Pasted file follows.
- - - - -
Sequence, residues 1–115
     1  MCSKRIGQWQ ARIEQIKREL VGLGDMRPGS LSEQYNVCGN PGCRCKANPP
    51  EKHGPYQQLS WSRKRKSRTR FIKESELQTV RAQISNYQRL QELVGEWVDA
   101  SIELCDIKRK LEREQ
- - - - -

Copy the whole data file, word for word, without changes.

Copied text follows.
Sequence, residues 1–115
     1  MCSKRIGQWQ ARIEQIKREL VGLGDMRPGS LSEQYNVCGN PGCRCKANPP
    51  EKHGPYQQLS WSRKRKSRTR FIKESELQTV RAQISNYQRL QELVGEWVDA
   101  SIELCDIKRK LEREQ